Quantitative research tells you whether to choose black or yellow

Quantitative research gets you numerical results. These can be graphs, percentages, or amounts. Quantitative research is used to test assumptions, and validate or invalidate them in relation to the subjects or topics they offer insights about.

Quantitative insights are usually studied, compared, and recorded through statistical outputs or close-ended questions. The goal is to reach an absolute or binary outcome. In other words, results that will tell you to choose left or right, black or yellow. 

The pro's

Powered by numbers, quantitative research can be used to reach millions of users using different types of digital validation paths, such A/B testing. Social media platforms are one of the quickest ways to gain access to many users at a relatively low cost. Facebook Ads, and 1Q are a couple of examples of tools you could use to gather quantitative data. 

The con's

We refer to quantitative research as a binary tool. This means the results you get from them are quite the rigid outcome. They’re perfect for hard-data collection, but they’re not the best way to test abstract ideas or concepts. 

Reaching a massive audience will be another challenge, depending on the industry you work in. Take healthcare for instance; if you are looking to test out a new innovation or service for oncologists, launching Facebook ads to test and validate may not be the best channel. Validation and experimentation aimed at your target segments’s preferred digital spaces is often the way to go to tackle this obstacle. You can choose to validate your ideas on the platforms or social media sites your target audience visits. Always bear in mind that hyper-specific target personas are not easy to find in larger quantities.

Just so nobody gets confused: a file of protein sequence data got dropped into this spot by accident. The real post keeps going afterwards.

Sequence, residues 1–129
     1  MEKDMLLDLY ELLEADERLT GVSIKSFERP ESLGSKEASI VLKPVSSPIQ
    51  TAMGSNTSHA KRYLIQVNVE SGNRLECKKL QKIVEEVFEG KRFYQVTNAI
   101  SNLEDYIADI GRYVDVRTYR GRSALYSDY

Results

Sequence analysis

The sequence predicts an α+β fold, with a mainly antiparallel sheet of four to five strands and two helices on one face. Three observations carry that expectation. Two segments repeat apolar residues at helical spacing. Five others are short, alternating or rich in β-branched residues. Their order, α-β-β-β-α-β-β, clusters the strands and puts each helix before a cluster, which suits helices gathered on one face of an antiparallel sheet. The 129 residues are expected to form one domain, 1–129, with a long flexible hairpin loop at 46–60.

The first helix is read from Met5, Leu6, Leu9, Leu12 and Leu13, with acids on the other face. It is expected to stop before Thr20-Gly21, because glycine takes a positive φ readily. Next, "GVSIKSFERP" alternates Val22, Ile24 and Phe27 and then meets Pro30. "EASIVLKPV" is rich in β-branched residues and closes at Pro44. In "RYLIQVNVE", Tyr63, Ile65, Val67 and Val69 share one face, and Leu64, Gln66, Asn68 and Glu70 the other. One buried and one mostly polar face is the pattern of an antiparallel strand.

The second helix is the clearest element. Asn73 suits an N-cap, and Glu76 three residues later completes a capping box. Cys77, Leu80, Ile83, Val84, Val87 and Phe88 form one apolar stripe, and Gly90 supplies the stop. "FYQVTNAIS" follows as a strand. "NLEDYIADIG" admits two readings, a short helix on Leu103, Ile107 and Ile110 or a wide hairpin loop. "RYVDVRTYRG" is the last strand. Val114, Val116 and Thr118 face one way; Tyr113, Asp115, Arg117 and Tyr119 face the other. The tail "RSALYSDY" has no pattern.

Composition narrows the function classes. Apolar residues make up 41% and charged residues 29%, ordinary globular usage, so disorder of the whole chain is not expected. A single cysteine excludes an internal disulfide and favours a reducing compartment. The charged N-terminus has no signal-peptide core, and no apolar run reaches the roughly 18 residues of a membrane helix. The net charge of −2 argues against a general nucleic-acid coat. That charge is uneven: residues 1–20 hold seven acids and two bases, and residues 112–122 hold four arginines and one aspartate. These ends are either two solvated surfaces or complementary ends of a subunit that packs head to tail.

The fix

Depending on what you’re looking for, this type of research might not be the right fit. But, if you can’t find a specific audience to test, you can always go through public studies and look for data correlation. Based on information association, you’ll be getting information to help you move your experiment in a certain direction or according to a pattern in particular. 

You can switch to qualitative research if quantitative insights don’t produce the results or numbers you’re looking for, or better yet, find audiences you can compare your patterns with.  For example, if it is not possible to retrieve data related to the age group you’re looking into, spotting another audience that mirrors your ideal one can replicate results based on previous research patterns. 

Concept validation with quantitative research: some ground rules

Sample output of an experiment through quantitative research

Quantitative research aims at reaching an “absolute”. So, you should be taking statistical significance into account. You want to make sure your results are likely to be replicated if the test is conducted more than once.

Design your experiment so that it pinpoints the right variables. The variable you’re putting to the test should be the only thing that changes. For example, if you’re testing a message; with every iteration of the experiment, the message should be the only thing that varies. That means staying consistent on for example visuals, target audience, timing, location, and so on. By adding an additional complexity layer, it’s impossible to tell why a user preferred one iteration over the other.

If you’re testing multiple things, make sure you focus on the ones that are priorities, and then proceed to test them one at a time. By doing this, you can iterate your tests based on the results. This will simplify the way you digest the final results. 

Now that you’ve got the hang of quantitative concept validation and experiments, we can start by taking a look at what the other kind looks like.

Qualitative research tells you why your users prefer black